Report Puts $1.4 Billion Estimate On Needs Of Wastewater Utilities In Hurricane Affected Areas

Wastewater utilities affected by last year's Hurricane Katrina are struggling to find an estimated $1.4 billion needed to repair and rebuild these systems, as well as to replace lost revenues due to a reduction in population, according to a report released on April 25.

Last year's Hurricane Katrina displaced hundreds of thousands of people and caused considerable damage to wastewater systems along the Gulf Coast. The report, "Assessment of Reconstruction Costs and Debt Management for Wastewater Utilities Affected by Hurricane Katrina," found that most of the damage to wastewater utilities was in surge zones.

The report, which focused on Louisiana, Mississippi, and Alabama, estimated that 445,000 people lost their homes due to a 15 to 25 foot storm surge that hit the three states. In addition to the devastating personal losses, displaced populations will result in reduced revenues for wastewater utilities in the surge zone. Although working to meet immediate needs, these utilities could face a prolonged period of insufficient funding to maintain essential public health infrastructure and meet long-term debt obligations.

Federal government and state agencies previously lacked comprehensive data on the condition of these systems as well as the utilities' financial position. Presented to Congress, EPA and the U.S. Department of Agriculture (USDA), the non-commissioned report was published by the Water Environment Federation (WEF), in collaboration with global engineering, consulting and construction company Black & Veatch, several municipal water agencies, and volunteers from among WEF's 36,000 members.

"The study originated from a general lack of attention paid to the wastewater industry in response to and recovery from a major disaster," said Jim Clark, vice president of Black & Veatch and a principal investigator for the study. "Although these services are critical for public health and the environment they are often overlooked. Our goal was to produce a high-level cost assessment that can be used as a basis for assessing the need for reconstruction funding and financial support."

Databases provided by EPA and states were used in the study and revealed that 118 wastewater utilities serving approximately 1.8 million people were affected by Hurricane Katrina. A sample group of 25 utilities was assessed for infrastructure damage -- field investigators visited 19 facilities and telephone surveyors polled an additional six utilities. Results were categorized by damage zone-surge, flood, or winds greater than 100 miles per hour-and treatment plant type and used to develop average costs, which were applied to each of the 118 utilities based on damage zone location.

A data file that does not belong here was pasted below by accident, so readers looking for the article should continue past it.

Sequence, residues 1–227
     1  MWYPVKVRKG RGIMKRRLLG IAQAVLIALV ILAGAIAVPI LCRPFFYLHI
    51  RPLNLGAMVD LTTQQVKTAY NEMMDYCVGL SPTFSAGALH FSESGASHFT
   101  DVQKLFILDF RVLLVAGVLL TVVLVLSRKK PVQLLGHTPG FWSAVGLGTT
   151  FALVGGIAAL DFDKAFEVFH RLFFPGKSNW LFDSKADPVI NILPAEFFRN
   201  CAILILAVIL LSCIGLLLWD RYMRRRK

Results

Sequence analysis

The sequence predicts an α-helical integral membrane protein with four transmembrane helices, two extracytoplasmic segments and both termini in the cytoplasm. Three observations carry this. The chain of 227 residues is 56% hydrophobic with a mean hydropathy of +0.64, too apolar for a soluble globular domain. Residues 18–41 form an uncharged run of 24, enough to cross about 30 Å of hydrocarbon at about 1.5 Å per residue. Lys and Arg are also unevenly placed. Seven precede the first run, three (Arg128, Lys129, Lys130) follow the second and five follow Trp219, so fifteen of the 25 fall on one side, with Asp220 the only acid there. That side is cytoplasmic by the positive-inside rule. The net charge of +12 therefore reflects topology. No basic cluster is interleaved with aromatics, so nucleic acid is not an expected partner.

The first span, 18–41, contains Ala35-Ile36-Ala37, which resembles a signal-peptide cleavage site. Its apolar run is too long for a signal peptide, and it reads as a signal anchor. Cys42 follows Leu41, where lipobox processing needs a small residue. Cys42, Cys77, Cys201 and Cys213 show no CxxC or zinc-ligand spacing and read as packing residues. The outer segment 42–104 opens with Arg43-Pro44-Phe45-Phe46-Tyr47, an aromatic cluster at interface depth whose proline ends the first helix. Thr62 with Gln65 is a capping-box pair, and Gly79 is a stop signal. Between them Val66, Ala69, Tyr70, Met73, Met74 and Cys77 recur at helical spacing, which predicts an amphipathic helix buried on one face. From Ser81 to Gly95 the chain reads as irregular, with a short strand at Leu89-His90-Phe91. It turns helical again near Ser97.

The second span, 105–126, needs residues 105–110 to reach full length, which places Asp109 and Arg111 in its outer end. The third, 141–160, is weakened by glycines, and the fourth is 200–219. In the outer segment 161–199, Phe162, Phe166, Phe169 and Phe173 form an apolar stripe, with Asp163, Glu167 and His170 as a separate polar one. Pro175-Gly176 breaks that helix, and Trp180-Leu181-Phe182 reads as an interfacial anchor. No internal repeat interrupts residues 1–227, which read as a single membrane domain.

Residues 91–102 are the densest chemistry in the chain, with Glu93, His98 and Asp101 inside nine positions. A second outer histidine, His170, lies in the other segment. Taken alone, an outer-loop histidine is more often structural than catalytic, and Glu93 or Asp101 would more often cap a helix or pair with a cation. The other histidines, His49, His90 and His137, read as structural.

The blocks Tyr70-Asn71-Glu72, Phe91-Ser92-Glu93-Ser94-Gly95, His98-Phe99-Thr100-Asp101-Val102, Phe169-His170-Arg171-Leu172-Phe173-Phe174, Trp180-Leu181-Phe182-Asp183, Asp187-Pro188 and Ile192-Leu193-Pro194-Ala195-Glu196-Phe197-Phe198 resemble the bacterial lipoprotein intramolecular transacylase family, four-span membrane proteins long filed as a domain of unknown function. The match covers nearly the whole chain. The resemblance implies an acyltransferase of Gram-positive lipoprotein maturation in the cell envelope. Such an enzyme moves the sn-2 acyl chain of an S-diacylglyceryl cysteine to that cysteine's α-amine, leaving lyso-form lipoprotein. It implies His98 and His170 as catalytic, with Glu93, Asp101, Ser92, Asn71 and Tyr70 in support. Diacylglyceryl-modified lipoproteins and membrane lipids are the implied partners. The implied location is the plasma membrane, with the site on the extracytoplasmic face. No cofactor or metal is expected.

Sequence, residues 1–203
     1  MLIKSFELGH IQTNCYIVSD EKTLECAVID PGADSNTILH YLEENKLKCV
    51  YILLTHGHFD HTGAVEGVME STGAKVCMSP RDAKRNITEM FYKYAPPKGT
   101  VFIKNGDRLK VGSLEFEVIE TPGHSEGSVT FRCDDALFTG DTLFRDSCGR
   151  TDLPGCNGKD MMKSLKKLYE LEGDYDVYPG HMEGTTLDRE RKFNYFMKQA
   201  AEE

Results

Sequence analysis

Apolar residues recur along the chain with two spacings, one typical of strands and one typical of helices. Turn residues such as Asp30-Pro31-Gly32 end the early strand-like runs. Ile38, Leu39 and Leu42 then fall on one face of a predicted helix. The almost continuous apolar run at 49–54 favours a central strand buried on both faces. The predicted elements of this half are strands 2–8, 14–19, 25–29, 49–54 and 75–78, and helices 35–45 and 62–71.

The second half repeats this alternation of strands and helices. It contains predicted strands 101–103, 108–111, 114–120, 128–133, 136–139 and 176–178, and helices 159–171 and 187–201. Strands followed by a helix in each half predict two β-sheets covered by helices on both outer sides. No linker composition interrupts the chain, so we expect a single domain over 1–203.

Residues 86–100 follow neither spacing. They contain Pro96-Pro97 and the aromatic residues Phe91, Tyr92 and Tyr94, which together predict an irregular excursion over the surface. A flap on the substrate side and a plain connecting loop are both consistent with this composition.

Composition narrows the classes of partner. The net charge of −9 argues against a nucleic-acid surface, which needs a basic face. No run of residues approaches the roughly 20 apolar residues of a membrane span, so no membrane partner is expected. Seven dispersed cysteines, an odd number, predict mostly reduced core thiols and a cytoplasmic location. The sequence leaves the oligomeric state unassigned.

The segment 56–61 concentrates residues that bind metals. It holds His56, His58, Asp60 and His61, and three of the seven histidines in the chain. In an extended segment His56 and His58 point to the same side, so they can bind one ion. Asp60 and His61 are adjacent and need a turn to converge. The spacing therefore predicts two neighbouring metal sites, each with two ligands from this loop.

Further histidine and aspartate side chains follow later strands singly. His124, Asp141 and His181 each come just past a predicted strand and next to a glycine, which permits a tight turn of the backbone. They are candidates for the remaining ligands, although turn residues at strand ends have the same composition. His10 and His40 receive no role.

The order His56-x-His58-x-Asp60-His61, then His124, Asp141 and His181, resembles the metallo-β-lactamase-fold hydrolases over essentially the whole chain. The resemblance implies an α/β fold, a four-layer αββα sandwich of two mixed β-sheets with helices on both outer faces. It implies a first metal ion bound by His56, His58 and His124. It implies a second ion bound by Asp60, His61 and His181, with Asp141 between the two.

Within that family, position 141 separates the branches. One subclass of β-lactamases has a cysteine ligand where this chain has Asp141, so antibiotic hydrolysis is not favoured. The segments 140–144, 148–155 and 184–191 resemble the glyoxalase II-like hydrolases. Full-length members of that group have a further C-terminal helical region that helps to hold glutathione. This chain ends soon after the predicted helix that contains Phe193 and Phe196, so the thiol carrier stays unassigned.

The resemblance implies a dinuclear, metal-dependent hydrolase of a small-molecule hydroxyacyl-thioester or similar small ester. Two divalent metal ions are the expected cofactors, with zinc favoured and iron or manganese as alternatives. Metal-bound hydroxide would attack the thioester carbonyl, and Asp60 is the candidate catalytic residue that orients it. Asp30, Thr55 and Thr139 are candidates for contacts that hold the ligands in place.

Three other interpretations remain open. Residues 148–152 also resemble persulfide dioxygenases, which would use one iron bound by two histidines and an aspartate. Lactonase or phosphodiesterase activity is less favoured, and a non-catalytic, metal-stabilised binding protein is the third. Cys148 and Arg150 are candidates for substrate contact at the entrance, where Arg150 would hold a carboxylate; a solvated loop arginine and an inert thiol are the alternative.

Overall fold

The final report found that the total cost assessment to repair and rebuild wastewater collection and treatment plant infrastructure was about $1.2 billion. In addition, an estimated $163 million will be needed by the wastewater utilities to maintain financial solvency and critical infrastructure because of the impact on revenue of the reduced population in their service areas. The study authors used average per-person revenue and expense data to estimate the financial effect on the utilities.

Faced with these issues, the report estimates a total of about $1.4 billion is required to address the needs of impacted wastewater utilities. Also included are recommendations for federal and state agencies to consider in responding to the immediate and long-term financial needs of these utilities. "This report makes several recommendations for actions that should be undertaken by government and nongovernmental organizations, including the private financial sector, to help publicly owned treatment works recover and serve their communities in the future," said Ed McCormick, chairman of the Water Environment Federation's peer review committee. "Successfully rebuilding communities in Louisiana, Mississippi and Alabama depends on the availability of basic sanitation services provided by wastewater utilities. Investment in the Gulf Coast region's wastewater infrastructure must be a top priority."

Recommendations for federal, state and local governments, as well as local communities, wastewater utilities and the private financial sector include:

  • Monitor wastewater utilities' fiscal conditions and provide relief when necessary.
  • Provide guidance on federal funding sources and grant application processes.
  • Institute mutual aid compacts with neighboring states and develop best practices for emergency preparedness and response.
  • Rebuild only as necessary to meet revised population estimates.
  • Develop best practices for emergency.
  • Provide financial restructuring to help utilities avoid default.

"Water and wastewater utilities are the most capital intensive of all utilities," said Eileen O'Neill, WEF's chief technical officer. "Utilities in areas subject to long-term population reductions will likely need financial subsidies beyond currently available grants and loans if they are to maintain facilities essential to public health. The report's recommendations are intended to help federal and state agencies, as well as the wastewater profession, to not only meet today's challenges but to better prepare for incidents of this magnitude."

The complete report can be found at http://www.wef.org.

Last year, the American Water Works Association released a report finding that the costs to repair and replace public drinking water infrastructure damaged by Hurricane Katrina will surpass $2.25 billion. View related article, Katrina's Damage To Water Systems To Top $2.25 Billion, in the September 2005 archives of WWP Online; while on the main page, click on "Search archives for news and features!" under Daily News to access the archives.

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